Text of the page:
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Notes from a Speech Pathologist: Age, Confidence, and Doing What's Right

When I first set out to share other YoPro's stories in a different format than the original Q&A set-up, I looked to my friends and peers across a number of industries. In the healthcare field, Ella was one of the original friends I reached out to and I am so grateful for her honesty and vulnerability as she shares one of her first careers with this audience.


I am a 27-year old living in the body of what looks like a high school graduate, or at least that’s what I have been told. Hopefully, by the time I’m 30, I will be seen as a young professional and fewer people will question my ability to do the job I love.

I have my Master’s in Speech-Language Pathology. I would like to preface this article with this: I love my job. The hardest part of my job has nothing to do with the job itself, but the challenge of convincing the new patients I see or the new colleagues I work with, that yes, I know what I am doing despite my young appearance.

I used to work in a sub-acute with patients who had trachs (those are the tubes that help you breathe if you can’t do it on your own). Working with the population I had involved a lot of decision making. My job at this facility was to provide my patients with the least restrictive diet so I tried to get them to eat normally, or as normal as possible. Unfortunately, some of the services I wanted for my patients required decisions out of my control, so I had to turn to the decision-makers at our facility, the Director of Nursing (DON).

The DON was an older male that regrettably often disapproved my requests because he didn’t believe I knew what I was doing. At one point he claimed that everyone with trachs could never eat orally. However, that was literally the point of my job. It baffled me that my supervisor didn’t understand what I had been doing there every day. He often used a condescending tone when talking with me and never took me seriously. The worst part was that he was delaying the best care we could provide to the patients in need as a facility. I used to sit in on family care planning meetings and the DON would often cut me off or smirk at comments I made. He called me names like “teenybopper,” “high school graduate,” or “kid” in front of patients. Professionally, I knew I had to remain composed, but for me and my patients, I knew I had to speak up. So I did. Long story short, the patients obtained the services they needed, family care planning meetings were far more enjoyable, and I felt more like I was part of a team that wanted to work for the patients.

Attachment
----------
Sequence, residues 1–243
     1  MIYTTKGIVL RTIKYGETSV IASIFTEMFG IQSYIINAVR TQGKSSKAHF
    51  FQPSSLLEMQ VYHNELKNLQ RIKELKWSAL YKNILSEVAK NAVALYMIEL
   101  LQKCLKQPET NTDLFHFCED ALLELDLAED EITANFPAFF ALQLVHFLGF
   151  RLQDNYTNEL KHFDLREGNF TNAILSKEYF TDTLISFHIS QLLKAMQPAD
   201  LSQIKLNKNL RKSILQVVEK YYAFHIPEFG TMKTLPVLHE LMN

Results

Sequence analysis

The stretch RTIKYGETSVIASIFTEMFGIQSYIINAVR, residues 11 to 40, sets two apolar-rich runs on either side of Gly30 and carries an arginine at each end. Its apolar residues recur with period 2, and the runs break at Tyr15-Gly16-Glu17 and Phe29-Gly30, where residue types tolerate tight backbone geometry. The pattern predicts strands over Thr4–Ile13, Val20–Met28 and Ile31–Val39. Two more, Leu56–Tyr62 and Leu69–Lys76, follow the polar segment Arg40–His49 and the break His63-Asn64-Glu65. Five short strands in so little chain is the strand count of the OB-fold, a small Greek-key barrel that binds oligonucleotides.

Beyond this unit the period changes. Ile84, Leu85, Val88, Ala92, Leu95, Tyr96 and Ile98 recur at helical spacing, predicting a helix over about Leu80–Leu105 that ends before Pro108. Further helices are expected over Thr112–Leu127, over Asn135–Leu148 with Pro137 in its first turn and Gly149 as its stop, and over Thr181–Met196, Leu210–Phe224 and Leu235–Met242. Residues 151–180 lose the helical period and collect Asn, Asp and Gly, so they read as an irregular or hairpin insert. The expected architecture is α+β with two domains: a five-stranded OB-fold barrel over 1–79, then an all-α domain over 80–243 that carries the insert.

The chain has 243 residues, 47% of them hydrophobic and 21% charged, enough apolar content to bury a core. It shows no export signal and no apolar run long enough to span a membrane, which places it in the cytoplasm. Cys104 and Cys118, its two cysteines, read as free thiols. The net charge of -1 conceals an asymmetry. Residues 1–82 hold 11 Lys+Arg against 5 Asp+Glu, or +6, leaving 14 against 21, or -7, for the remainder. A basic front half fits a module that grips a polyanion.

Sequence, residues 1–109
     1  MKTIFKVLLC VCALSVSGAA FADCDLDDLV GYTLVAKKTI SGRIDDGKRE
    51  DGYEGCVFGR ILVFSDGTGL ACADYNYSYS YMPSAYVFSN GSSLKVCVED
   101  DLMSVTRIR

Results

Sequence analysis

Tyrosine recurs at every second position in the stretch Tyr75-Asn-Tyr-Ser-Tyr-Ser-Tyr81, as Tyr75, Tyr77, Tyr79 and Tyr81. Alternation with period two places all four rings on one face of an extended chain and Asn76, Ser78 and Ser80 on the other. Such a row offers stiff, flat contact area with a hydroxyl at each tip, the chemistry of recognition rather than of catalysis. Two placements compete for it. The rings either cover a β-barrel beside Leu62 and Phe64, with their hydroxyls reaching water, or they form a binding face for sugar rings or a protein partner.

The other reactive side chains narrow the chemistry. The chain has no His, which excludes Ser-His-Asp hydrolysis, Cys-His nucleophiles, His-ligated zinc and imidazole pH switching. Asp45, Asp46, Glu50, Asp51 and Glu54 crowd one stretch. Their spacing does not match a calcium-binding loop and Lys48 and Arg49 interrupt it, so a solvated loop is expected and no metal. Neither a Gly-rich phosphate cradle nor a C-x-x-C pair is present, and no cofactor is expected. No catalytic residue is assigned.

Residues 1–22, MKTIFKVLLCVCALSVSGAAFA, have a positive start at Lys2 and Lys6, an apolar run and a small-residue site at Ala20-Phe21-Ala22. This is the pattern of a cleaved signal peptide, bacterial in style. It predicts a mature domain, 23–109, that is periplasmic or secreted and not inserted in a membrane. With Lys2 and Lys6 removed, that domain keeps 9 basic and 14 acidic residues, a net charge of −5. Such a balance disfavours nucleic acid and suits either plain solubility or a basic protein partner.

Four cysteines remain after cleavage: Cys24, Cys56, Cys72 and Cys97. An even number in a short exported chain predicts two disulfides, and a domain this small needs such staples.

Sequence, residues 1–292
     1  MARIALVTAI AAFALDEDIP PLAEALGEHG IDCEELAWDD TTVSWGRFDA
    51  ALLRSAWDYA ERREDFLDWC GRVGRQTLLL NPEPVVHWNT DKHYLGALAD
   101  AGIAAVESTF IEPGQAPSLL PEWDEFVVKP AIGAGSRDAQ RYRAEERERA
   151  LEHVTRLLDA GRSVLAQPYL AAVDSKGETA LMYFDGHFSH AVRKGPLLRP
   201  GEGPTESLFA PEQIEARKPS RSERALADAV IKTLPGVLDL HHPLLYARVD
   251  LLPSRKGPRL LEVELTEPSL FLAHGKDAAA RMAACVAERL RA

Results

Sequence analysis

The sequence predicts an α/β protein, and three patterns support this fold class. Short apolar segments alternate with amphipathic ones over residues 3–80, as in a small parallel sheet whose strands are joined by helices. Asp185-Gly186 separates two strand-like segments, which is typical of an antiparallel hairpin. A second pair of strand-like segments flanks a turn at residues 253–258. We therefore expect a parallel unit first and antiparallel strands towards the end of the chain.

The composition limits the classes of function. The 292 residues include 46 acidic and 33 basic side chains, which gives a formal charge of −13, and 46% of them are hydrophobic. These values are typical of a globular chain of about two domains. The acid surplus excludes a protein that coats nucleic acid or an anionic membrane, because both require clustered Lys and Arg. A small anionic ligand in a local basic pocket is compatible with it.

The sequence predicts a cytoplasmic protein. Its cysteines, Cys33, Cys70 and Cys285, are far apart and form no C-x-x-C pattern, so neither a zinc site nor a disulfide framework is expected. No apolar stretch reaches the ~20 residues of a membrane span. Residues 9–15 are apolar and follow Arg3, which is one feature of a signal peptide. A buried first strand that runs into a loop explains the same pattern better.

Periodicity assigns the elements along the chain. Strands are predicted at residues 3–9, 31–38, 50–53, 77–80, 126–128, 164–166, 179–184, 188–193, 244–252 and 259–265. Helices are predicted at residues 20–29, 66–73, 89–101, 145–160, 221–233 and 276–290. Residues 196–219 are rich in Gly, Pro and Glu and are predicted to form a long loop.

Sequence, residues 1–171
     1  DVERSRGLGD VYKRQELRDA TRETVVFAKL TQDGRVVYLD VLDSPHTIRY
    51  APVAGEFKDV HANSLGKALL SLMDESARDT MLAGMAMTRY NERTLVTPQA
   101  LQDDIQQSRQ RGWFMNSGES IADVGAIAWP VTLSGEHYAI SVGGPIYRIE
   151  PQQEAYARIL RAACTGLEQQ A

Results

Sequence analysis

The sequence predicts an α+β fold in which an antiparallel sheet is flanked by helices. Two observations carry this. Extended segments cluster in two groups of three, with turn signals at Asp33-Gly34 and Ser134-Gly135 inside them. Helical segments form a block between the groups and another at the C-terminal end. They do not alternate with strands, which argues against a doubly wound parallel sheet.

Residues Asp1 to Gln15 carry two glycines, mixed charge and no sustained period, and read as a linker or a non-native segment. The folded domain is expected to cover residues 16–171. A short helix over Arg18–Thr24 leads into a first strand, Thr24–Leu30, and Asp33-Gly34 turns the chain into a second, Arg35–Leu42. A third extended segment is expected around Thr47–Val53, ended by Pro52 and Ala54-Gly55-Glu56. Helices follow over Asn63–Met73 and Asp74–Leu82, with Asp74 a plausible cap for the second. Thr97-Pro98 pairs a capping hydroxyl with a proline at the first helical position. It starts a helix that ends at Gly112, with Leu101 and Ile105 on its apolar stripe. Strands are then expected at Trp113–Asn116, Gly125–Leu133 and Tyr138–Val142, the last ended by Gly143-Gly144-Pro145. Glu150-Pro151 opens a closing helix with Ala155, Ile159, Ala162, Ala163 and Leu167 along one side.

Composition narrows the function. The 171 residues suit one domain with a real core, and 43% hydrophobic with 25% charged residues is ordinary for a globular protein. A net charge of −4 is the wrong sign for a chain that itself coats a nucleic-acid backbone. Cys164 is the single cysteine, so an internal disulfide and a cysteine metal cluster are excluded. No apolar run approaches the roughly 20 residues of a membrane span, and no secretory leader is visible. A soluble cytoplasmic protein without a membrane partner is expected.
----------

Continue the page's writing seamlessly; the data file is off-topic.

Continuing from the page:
I feel that something most young professionals can relate to is that starting out in your career can be very intimidating. You have to convince not only others that you know what you’re doing, but you also have to convince yourself. It can be very hard to find confidence when there are others looking to assert their years of experience onto you. Having a healthy work environment can foster that confidence and the skills you need to do what you love. It won’t always be perfect but those imperfect moments are usually the best for learning. Challenges can show you what you’re capable of and teach you more about yourself.

My take away: You are only in control of yourself and how you react. People can tell you you’re young or not ready, but only you can either prove or disprove them. So I challenge you to disprove them. It can be scary, but if you landed the job, you are definitely ready. You were chosen. Don’t let others tell you otherwise.

– Ella

The YoPro Know's Takeaways:

– You are only in control of yourself and how you react

– Stand up for your ideas and position

– Don’t let age hurt you

Connect with the author here: Ella Besas

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